By Jim Finkle and Ransdell Pierson
(Reuters) - St. Jude Medical Inc <STJ.N> on Tuesday said it would recall some of its 400,000 implanted heart devices due to risk of premature battery depletion, a condition linked to two deaths in Europe.
The devices shock dangerously racing heartbeats back to their normal rhythm or to treat heart failure. All the devices, called ICDs and CRT-Ds, contain batteries that were manufactured before May 23, 2015, when the company added insulation to reduce the chance of an electrical short circuit.
"There have been two deaths that have been associated with the loss of defibrillation therapy as a result of premature battery depletion," St. Jude's vice president of quality control, Jeff Fecho, said in an advisory to physicians on Tuesday.
The devices were introduced in 2010 and are meant to last for seven years or longer, until their batteries are depleted, the company said. They are designed to vibrate at regular intervals once power is diminished, a signal to patients that they should visit their doctors for replacements within 90 days. In addition, a home monitoring unit wirelessly reads the battery level and other information and routinely sends details to doctors.
The company said one of the patients died after his vibration signal indicated low power, but a few days before his planned replacement.
The company said the recall is not expected to have a material financial impact on the company, although many patients are expected to visit their doctors and some could request early replacements.
St. Jude said 841 devices had been returned to the company for analysis due to premature battery depletion, traced to a build-up of lithium clusters in the batteries.
Mark Carlson, medical officer of St. Jude, said in an interview the company's advisory board of physicians has strongly recommended that most patients not seek prophylactic replacements "because the risk associated with replacing the devices outweighs the low risk of a patient problem occurring."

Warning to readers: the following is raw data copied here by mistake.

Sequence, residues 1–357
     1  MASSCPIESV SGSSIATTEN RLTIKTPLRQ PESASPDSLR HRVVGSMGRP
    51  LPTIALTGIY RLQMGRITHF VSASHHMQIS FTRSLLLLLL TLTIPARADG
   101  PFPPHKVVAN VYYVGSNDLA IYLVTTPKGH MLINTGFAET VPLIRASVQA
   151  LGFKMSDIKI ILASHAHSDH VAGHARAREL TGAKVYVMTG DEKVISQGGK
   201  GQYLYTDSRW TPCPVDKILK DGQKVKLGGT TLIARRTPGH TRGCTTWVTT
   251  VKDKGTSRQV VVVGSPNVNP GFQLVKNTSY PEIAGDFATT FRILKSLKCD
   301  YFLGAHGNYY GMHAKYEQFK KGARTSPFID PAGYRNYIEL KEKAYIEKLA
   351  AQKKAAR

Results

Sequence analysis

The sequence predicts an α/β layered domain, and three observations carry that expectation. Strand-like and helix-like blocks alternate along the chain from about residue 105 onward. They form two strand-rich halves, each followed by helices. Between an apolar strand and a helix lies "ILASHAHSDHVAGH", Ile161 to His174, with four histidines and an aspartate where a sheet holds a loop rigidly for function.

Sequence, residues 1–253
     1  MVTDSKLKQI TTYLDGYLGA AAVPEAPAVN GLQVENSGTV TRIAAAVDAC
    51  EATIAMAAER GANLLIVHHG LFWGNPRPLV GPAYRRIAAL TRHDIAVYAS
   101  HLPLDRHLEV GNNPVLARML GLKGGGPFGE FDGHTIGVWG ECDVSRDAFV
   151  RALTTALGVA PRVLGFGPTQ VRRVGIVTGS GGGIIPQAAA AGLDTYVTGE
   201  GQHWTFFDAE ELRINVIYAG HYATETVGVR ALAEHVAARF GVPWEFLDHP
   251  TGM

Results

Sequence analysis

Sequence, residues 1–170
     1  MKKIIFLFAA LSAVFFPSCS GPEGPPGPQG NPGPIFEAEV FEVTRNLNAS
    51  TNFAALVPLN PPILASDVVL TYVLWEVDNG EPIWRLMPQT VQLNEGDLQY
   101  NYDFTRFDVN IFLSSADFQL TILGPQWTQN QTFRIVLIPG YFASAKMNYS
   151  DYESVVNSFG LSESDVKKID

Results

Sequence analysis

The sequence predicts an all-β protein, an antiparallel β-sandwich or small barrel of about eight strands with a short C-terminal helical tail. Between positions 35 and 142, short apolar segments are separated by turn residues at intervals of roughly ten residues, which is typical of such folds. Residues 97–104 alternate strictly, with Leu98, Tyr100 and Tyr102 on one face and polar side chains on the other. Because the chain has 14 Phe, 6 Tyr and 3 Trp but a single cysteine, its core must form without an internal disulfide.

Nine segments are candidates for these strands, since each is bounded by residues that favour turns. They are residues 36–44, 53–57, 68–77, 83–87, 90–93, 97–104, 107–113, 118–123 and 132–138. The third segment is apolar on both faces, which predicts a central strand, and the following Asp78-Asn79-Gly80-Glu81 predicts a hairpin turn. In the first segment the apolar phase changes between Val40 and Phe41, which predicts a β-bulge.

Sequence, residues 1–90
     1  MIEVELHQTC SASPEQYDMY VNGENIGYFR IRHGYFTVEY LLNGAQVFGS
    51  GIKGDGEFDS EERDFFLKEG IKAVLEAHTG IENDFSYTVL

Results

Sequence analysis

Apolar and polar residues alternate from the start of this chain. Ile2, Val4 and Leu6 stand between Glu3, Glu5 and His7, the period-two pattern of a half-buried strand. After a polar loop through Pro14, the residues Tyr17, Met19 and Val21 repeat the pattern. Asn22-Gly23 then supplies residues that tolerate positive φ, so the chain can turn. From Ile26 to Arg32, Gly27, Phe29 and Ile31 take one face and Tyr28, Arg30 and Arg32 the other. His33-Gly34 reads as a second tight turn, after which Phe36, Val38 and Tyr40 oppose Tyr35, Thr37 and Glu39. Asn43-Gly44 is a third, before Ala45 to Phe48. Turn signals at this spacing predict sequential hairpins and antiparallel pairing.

News of the issue surfaced late on Monday when short-selling firm Muddy Waters tweeted a copy of a physician advisory from St. Jude, which agreed in April to sell itself for $25 billion to Abbott Laboratories <ABT.N>.
The letter said problems with the lithium batteries were rare and could be identified by patients using tools for monitoring battery levels at home.
Patients should seek immediate medical attention as soon as they get a low-battery alert from the monitoring devices, the U.S. Food and Drug Administration said, in announcing the recall.
"Hospitals should immediately remove any unused devices affected by this recall, and contact the manufacturer to receive corrected devices," the FDA said.
Wedbush Securities analyst Tao Levy said the recall would likely cost St. Jude no more than "a few million dollars" because relatively few patients will need early replacements and devices now being sold have improved and reliable batteries.
St. Jude's shares fell 3.5 percent, while Abbott's declined 5.4 percent. Abbott said it still expects to close the St. Jude deal this year.
The recall comes as St. Jude is defending itself against unrelated allegations that its heart devices are riddled with defects that make them vulnerable to cyber hacks.
Those claims were made by Muddy Waters and research firm MedSec Holdings. St. Jude has denied the allegations and sued both firms.
The FDA said on Tuesday its investigation into the cyber security vulnerabilities of the devices, including the Merlin@Home monitoring system, was continuing.
"Despite the allegations, at this time, the FDA strongly recommends that the Merlin@Home device be used to monitor the battery for these affected devices because the benefits of continued patient monitoring and the life-saving therapy these devices provide greatly outweighs any potential cybersecurity vulnerabilities," the FDA said in a statement.
Battery-depletion recalls or advisories have been issued in the past two years by Boston Scientific Corp <BSX.N> and Medtronic Plc <MDT.N>, with no visible impact on company businesses, according to Barclays analyst Matt Taylor.
Medtronic in November recalled three models of its InSync III pacemakers due to battery problems, but overall company pacer sales continued to grow sharply thanks to newer products, Taylor said.
Boston Scientific in September 2014 alerted doctors of potential battery-life problems with two ICDs, and recommended that patients upgrade their software.
St. Jude advised patients to check its website for details on which devices were affected by the battery issue. (http://www.sjm.com/batteryadvisory).
(Reporting by Jim Finkle in Boston, Ransdell Pierson in New York and Ankur Banerjee and Natalie Grover in Bengaluru; Editing by Nick Zieminski and Lisa Shumaker)